Wednesday, December 7, 2011
Thinking about buying a new Kindle Fire or other mid-size tablet for work or personal use? You may want to first check out this small usability study by Jakob Nielsen's Alertbox. Although intended to provide feedback for content providers on how to make websites more compatible with the new, midsized 7" screens, the study revealed some user interface disadvantages of the smaller screens compared to their bigger siblings.
The most striking observation from testing the [Kindle] Fire is that everything is much too small on the screen, leading to frequent tap errors and accidental activation. You haven't seen the fat-finger problem in its full glory until you've watched users struggle to touch things on the Fire. One poor guy spent several minutes trying to log in to Facebook, but was repeatedly foiled by accidentally touching the wrong field or button — this on a page with only 2 text fields and 1 button.
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Our iPad testing showed that full sites work quite well on 10-inch tablets. Conversely, testing mobile phones revealed that specialized mobile sites are superior on smaller touchscreens (typically, 3.5-inch diagonal).
Using designs intended for a full screen on a 7-inch tablet is like squeezing a size-10 person into a size-7 suit. Not going to look good. But that's what the Fire is trying to do. Accessing full (desktop) sites on the Fire was a prescription for failure in our testing. Users did much better when using mobile sites.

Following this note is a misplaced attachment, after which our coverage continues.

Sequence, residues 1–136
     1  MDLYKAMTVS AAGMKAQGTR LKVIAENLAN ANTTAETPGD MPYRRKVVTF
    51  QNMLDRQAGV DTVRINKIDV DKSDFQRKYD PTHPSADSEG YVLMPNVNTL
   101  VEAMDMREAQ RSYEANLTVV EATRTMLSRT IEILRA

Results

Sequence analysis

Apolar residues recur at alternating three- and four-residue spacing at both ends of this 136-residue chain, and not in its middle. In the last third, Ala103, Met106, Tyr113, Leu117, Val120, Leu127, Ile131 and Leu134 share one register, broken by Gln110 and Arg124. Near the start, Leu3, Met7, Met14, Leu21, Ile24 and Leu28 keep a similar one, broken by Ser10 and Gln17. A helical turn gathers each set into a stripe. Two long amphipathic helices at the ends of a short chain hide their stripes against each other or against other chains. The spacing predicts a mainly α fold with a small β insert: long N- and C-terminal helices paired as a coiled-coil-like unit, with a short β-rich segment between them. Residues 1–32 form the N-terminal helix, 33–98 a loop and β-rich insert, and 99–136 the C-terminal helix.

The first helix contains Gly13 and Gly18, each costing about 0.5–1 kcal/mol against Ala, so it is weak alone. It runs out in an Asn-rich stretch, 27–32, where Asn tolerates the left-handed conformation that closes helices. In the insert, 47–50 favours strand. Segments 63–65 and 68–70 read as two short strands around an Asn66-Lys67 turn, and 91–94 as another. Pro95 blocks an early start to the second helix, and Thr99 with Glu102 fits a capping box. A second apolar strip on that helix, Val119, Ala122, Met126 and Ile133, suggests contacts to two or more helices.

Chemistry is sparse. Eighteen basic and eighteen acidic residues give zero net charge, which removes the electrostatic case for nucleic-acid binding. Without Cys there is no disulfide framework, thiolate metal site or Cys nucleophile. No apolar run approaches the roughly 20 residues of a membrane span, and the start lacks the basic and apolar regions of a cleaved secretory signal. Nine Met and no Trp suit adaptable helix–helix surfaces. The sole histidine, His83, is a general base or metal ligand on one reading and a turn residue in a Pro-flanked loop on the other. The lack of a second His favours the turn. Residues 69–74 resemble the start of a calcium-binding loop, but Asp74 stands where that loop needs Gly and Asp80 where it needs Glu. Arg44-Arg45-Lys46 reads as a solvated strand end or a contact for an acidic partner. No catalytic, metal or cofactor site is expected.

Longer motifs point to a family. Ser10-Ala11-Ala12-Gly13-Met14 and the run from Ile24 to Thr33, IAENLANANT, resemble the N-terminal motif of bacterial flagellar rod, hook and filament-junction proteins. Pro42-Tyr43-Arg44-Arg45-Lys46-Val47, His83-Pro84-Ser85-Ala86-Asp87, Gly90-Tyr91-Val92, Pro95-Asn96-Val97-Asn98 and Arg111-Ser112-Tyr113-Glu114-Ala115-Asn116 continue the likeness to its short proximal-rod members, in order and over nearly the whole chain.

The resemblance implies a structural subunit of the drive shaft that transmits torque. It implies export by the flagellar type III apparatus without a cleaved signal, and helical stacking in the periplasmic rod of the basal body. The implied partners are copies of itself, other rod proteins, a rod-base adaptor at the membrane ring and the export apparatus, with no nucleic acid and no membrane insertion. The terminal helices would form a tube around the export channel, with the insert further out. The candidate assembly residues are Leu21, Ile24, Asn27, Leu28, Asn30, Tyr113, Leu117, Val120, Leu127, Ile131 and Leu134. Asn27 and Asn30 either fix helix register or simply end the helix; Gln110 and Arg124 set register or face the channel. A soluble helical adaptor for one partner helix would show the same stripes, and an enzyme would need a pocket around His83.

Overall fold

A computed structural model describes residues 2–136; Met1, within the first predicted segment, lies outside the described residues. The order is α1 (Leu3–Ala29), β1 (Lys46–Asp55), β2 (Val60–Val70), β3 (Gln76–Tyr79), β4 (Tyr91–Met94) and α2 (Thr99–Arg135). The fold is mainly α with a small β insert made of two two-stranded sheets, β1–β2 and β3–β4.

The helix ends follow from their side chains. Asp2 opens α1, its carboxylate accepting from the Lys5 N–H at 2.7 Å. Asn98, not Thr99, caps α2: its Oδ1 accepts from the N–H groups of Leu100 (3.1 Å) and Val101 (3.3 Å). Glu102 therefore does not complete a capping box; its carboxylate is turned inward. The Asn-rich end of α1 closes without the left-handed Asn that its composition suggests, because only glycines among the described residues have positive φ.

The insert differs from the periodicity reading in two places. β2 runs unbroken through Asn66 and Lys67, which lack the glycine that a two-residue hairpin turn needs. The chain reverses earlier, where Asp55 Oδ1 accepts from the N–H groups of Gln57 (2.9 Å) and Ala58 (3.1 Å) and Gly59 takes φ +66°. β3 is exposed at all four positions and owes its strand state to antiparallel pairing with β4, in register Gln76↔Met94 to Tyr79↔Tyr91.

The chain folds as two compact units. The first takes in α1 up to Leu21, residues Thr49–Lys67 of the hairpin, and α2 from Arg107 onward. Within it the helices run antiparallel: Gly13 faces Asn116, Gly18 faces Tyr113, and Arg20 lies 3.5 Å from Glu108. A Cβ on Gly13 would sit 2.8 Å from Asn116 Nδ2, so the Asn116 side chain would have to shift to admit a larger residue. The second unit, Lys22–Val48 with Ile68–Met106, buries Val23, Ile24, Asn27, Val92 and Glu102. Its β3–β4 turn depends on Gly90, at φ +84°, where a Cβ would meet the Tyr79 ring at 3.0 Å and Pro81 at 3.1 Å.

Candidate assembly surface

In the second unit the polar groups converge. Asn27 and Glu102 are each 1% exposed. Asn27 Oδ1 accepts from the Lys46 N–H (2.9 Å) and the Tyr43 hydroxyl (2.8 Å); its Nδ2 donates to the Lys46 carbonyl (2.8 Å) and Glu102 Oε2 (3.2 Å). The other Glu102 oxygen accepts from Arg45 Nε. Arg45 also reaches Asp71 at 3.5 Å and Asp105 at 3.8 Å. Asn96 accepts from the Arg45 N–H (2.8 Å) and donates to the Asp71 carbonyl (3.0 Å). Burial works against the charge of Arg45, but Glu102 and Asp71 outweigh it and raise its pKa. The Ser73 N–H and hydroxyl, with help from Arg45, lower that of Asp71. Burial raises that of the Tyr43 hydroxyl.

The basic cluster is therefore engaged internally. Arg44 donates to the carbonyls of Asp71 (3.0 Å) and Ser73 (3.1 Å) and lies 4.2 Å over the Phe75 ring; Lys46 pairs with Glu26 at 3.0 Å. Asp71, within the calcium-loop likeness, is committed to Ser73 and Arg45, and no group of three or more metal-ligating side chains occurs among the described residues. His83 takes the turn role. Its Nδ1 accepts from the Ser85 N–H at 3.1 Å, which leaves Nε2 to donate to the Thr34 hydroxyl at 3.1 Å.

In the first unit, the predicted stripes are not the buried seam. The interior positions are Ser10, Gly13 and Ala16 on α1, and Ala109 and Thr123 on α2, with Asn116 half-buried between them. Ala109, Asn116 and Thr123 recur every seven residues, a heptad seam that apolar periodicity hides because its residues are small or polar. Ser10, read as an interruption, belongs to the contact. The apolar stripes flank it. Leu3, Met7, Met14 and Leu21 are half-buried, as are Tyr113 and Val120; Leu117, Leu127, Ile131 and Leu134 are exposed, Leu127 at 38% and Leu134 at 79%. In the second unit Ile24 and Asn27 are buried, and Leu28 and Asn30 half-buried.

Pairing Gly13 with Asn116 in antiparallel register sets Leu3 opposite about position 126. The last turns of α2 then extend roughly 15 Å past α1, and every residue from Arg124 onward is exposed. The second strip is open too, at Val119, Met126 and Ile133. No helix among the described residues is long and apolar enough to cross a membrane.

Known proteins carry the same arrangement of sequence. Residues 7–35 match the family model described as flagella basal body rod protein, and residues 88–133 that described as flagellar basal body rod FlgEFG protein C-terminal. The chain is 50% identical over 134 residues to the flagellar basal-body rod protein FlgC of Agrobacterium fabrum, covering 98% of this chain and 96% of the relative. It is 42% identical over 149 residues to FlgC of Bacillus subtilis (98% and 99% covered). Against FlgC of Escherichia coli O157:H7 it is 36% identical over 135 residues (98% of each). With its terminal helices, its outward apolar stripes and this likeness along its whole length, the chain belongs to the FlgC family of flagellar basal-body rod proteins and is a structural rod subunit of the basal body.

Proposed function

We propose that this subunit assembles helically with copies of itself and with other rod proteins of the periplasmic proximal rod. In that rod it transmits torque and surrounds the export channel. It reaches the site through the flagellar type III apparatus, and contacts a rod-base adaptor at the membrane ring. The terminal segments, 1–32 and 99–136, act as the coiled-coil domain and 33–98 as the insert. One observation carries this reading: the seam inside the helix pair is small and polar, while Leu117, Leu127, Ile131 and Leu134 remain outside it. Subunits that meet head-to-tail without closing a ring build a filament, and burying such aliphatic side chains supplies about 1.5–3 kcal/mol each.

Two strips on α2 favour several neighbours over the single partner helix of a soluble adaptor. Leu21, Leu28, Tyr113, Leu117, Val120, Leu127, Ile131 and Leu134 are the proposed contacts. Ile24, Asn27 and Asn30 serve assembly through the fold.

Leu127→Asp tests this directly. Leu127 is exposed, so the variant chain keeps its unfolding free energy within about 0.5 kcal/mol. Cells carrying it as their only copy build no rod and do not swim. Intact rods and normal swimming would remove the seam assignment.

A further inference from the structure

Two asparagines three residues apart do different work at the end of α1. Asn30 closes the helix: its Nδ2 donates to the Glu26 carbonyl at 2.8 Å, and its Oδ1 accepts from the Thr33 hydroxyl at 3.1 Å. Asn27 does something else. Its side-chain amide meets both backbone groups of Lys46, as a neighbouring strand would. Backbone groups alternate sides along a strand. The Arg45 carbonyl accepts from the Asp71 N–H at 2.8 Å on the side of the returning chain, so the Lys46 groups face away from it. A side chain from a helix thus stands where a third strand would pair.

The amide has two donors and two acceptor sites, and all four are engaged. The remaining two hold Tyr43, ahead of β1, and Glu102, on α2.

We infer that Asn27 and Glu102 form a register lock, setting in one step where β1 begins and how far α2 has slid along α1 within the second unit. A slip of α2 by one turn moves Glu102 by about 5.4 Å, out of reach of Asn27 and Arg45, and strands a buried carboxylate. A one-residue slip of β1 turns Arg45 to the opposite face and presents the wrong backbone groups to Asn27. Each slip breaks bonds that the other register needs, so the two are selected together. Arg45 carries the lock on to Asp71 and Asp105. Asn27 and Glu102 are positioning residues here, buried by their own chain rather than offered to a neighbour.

Using sites optimized for 3.5-inch mobile screens on the bigger 7-inch screen felt luxurious — somewhat like using a regular website on a 30-inch monitor. You have all the space in the world and can see the entire page with little (if any) scrolling.
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Our studies of Kindle Fire weren't intended to advise consumers on whether to buy a Fire device. Our goal was to discover design guidelines for companies that are building websites, apps, or content that their customers might access on a Fire.
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Even so, I have some observations on the device itself, based on both my personal use over the past two weeks and on the usability study.
The Fire is a heavy object. It's unpleasant to hold for extended periods of time. Unless you have forearm muscles like Popeye, you can't comfortably sit and read an engaging novel all evening. The lack of physical buttons for turning the page also impedes on the reading experience for fiction. On the older Kindles, it's easy to keep a finger on the button when all you use it for is to turn the page. In contrast, tapping an area of the screen disrupts reading enjoyment, is slightly error-prone, and leaves smudges on the screen. The Fire screen also has more glare than the traditional Kindle.
For reading fiction, the older Kindle design wins.
For nonfiction, such as textbooks and magazines, the older Kindle's awkward interaction design precludes easy navigation and the grayscale screen doesn't properly display illustrations.
The Kindle Fire wins big for reading magazines and other light nonfiction. Deeper reading that requires users to frequently refer to other parts of the text is still not well supported. Even with a touchscreen, within-book navigation is slow and awkward, so I don't recommend the Kindle Fire for reading textbooks.
You can continue reading here.